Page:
History of Oil and Gas Production in Illinois

The early days—Accidents and seeps

Oil or gas production in Illinois began in 1853 when marsh or drift gas was produced from two wells drilled near Champaign. This gas came from rotting vegetation buried in the glacial deposits. At the time, people knew little about where gas or oil came from, or how to search for it.

Salem Oil Field—1943, Marion County, Illinois
Salem Oil Field—1943, Marion County, Illinois

In the early 1860s, several holes drilled in Clark County produced enough oil for the name "Oilfield" to be given to a small town there, even though commercial-scale production in the area did not begin until 40 years later. The search for oil and gas began in earnest there in 1866 when the Clark County Petroleum and Mining Company established its headquarters at Marshall. Natural gas seeps near Oilfield led the company's owners to believe that commercial quantities of oil and gas were there. However, because well casing technology did not yet exist, water from drilled-through upper layers of earth flowed into the wells and prevented most of the oil in deeper layers from seeping out of the rocks.

 Impervious rocks like shale trap oil and gas in crests or upwarps of rock layers.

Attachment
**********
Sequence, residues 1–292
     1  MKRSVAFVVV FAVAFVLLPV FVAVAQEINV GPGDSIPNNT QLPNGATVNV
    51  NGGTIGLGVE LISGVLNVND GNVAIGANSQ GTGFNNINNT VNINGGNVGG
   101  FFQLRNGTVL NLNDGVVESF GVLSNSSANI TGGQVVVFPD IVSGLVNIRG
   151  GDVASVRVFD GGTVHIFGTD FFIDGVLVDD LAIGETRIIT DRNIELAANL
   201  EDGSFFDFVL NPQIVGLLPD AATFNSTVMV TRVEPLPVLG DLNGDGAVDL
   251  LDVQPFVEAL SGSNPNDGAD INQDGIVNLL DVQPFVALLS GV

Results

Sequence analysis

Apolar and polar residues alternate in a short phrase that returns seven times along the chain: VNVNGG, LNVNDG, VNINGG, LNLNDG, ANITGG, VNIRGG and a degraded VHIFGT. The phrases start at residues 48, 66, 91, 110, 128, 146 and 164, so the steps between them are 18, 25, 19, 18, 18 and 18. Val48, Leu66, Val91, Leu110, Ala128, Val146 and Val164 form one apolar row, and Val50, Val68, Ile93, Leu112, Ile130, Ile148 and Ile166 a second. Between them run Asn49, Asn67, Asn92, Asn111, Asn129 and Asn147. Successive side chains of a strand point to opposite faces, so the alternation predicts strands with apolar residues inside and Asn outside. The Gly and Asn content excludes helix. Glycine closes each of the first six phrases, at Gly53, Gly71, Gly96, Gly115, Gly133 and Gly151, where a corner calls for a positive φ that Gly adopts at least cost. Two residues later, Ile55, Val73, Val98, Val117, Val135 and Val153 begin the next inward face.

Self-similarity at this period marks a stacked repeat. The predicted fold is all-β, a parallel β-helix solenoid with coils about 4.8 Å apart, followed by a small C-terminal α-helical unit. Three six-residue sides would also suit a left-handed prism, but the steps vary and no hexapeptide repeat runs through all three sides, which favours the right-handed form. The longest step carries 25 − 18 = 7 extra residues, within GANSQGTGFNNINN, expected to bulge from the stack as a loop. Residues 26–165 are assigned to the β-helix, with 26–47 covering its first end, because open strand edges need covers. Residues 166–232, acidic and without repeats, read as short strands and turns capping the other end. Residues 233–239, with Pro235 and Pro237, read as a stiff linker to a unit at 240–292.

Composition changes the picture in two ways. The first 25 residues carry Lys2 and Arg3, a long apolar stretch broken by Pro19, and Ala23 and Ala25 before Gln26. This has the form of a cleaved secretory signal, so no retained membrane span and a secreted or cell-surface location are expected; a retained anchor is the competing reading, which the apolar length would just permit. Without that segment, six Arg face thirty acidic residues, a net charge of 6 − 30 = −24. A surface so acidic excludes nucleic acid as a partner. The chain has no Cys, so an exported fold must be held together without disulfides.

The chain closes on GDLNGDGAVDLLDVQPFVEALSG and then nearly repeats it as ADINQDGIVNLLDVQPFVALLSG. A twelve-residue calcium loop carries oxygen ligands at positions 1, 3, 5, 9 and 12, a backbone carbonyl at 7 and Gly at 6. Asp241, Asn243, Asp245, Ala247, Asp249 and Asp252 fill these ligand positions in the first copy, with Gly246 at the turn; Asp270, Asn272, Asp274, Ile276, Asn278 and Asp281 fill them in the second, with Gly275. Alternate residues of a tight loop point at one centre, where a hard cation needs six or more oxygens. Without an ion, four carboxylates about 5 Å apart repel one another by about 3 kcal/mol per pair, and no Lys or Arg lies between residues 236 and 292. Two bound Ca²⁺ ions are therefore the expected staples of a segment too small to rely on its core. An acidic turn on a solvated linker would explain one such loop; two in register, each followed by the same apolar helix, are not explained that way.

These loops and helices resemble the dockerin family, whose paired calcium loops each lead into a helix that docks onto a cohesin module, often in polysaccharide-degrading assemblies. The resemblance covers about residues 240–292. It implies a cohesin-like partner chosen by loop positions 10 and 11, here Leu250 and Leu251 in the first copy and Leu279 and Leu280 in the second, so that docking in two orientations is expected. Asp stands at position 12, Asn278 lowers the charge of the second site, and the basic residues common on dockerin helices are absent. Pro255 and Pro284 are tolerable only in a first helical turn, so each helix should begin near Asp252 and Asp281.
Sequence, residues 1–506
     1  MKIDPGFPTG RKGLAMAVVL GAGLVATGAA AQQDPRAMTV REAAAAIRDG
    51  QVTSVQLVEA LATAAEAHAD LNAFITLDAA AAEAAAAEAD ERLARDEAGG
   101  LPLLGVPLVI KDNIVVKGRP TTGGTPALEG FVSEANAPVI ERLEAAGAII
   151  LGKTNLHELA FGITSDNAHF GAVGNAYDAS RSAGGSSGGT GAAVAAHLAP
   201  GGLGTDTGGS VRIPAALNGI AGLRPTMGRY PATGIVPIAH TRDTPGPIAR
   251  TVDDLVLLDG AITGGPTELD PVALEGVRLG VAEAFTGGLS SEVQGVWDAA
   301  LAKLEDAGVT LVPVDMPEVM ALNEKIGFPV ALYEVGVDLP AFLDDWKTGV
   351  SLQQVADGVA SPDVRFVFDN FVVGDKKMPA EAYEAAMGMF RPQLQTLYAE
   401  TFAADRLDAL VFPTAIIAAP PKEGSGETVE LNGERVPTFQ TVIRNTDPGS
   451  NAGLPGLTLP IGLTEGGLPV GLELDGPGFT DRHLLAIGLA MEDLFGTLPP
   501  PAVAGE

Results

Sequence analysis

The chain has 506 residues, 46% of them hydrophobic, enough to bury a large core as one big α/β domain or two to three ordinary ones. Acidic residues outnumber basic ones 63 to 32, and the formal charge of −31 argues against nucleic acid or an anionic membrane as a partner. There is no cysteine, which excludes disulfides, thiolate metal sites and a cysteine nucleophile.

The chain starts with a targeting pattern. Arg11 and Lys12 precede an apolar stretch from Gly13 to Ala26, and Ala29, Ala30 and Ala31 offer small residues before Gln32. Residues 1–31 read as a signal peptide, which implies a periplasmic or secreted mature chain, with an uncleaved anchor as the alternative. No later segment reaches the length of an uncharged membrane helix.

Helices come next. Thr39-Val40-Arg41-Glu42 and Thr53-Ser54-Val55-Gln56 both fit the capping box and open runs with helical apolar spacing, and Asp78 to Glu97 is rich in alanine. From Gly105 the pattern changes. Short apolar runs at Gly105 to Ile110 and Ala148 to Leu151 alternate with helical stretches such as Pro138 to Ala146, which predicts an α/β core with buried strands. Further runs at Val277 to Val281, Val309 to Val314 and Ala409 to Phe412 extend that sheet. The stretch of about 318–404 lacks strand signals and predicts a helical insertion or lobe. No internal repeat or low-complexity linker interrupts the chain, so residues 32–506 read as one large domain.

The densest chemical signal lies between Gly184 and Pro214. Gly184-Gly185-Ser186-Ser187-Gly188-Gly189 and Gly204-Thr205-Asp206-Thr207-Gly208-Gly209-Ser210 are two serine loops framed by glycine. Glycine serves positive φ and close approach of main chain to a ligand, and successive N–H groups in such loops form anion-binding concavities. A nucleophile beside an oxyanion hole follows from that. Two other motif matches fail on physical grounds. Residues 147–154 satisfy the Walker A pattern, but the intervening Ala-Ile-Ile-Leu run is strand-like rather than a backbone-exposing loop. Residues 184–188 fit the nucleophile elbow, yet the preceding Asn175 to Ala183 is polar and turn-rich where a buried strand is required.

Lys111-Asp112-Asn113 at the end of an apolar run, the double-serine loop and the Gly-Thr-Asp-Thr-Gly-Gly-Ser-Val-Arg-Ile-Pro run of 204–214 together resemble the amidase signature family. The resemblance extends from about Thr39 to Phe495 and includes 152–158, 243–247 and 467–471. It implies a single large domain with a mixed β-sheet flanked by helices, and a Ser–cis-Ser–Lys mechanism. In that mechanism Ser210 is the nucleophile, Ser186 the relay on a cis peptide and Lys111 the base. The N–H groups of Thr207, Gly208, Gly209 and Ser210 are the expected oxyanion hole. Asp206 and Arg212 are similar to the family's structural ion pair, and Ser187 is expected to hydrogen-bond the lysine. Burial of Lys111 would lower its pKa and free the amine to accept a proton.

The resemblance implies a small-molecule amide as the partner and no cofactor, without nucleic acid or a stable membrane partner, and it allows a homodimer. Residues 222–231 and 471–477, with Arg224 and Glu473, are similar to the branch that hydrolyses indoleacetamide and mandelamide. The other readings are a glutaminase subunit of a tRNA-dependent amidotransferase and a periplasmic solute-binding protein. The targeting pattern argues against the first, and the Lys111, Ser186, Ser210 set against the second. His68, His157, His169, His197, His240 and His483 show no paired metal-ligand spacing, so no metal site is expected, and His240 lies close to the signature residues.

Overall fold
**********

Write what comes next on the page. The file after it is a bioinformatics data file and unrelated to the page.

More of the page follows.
Impervious rocks like shale trap oil and gas in crests or upwarps of rock layers. A=anticline trap. R=reef trap. S=stratigraphic trap

Farther to the west near Litchfield, holes drilled in the late 1860s to search for coal leaked oil and water into the workings of a mine, and for several years people skimmed oil off the water and sold the oil. By the early 1880s, natural gas had been discovered in the area and was being piped to Litchfield for domestic use. Continued drilling in the area eventually established oil production, and in 1889 wells produced 1,460 barrels. By 1902, when production ceased, the wells had produced only 6,576 barrels of oil. (The barrel equals 42 U.S. gallons and is a standard unit of volume measurement in the petroleum industry.)

Technologies improve—Anticlines become targets

By the turn of the century, new well casing technologies solved the problem of water flowing into oil wells. Producers also now recognized that oil and gas collected at anticlines, or the crests of upwarps in the rock layers. From 1904 to 1910, numerous shallow oil and gas reservoirs were discovered in the many anticlines in a large structure now known as the La Salle Anticlinorium, which lies beneath eastern Illinois. With these discoveries, Illinois leaped to third among states as its annual petroleum production rose from 181,000 barrels in 1905 to 33 million barrels by 1910.

Chart showing total yearly oil products in Illinois


Seismic exploration—Sounding the depths brings an oil "boom"